Despite intense media speculation that Danone is readying itself for the closure of 11 biscuit factories and the loss of 3,000 employees, the French foods group is remaining evasive on the issue.

The group admits that it has plans to restructure its business, and streamline operations, but is refusing to say if any proposed factory closure or job cuts resulting from such a move have been finalised. Company spokeswoman, Diane d’Oleon, commented that Danone is reflecting on a restructuring plan to be completed in 3-4 months, but “it is not at all finalized.”
“It is possible we will say there are certain sites we envisage closing and perhaps we will say that it is necessary to reduce the number of employees,” she added.
The French newspaper, Le Monde, reported the job cuts this morning (11 January), and said that these may double if Danone is able to negotiate terms with subcontractors. AFP meanwhile revealed that of the 11 factories in the line for closure, seven are situated in France, where they employ 1,700 of the potentially axed staff members.

Details of this scale in a restructuring plan cannot legally be disclosed until labour unions are informed. And while the unions say they have not yet been informed, it is likely that such plans would ignite tensions as the officials will fight against any streamlining of this size.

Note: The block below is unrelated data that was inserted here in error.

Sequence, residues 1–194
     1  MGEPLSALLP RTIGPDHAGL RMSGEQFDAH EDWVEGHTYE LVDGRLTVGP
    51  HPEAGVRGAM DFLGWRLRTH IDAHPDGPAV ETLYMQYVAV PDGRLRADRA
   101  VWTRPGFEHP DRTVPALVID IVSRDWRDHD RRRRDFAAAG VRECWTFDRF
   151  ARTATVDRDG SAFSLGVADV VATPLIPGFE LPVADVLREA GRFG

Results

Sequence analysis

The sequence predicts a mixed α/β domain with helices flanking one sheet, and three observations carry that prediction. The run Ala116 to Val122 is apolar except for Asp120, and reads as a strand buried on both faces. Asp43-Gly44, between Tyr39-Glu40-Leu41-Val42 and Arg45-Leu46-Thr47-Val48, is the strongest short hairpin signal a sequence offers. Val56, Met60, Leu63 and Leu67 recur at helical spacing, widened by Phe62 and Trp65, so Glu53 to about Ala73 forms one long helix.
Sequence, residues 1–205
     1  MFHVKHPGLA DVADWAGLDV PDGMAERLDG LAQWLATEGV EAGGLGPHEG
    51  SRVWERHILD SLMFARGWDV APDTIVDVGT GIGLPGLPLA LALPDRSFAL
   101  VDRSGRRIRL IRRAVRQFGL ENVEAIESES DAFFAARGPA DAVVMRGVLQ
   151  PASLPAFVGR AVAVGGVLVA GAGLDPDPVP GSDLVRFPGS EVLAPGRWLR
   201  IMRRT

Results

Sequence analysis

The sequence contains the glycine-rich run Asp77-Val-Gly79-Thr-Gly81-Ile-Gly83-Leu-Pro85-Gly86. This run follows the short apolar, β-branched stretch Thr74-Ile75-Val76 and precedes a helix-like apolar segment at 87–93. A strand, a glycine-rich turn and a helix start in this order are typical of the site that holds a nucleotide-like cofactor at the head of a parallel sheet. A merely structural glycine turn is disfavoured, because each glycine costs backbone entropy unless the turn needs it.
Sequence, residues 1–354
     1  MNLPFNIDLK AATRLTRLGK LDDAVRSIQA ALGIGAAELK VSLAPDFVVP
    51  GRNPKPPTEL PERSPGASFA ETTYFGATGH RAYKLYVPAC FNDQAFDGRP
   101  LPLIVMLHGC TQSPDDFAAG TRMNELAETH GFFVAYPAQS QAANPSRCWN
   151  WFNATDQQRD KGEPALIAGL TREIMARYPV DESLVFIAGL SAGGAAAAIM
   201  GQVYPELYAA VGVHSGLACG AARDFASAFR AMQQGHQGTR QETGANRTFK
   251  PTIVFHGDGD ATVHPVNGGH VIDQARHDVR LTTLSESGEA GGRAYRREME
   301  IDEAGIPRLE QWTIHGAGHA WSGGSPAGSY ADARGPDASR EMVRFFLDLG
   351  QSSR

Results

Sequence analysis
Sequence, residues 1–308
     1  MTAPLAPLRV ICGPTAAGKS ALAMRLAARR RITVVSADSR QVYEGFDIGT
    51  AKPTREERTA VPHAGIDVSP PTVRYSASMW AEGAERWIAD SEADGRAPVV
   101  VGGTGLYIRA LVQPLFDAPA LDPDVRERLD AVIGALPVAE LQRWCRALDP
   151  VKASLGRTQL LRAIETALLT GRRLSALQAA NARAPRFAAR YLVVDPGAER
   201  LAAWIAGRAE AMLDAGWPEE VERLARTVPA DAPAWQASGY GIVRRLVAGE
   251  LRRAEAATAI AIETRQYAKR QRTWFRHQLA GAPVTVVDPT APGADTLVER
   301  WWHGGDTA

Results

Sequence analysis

Analyst at Viel Tradition added that Danone is likely to want to avoid social conflict for as long as possible, or at least until March because the transfer of business to other production sites could be politically explosive at the time of France’s municipal elections.

With biscuit brands that include Jacob’s, Britannia and LU, Danone’s biscuit division accounted for around 33% of the group’s entire revenue in 1999, generating €2.8bn. The company argues that because of its aggressive strategy of acquisition over the last ten years, many biscuit plants are now operating at no where near their full potential capacity, a fact that does not bode well for the future of those 11 plants.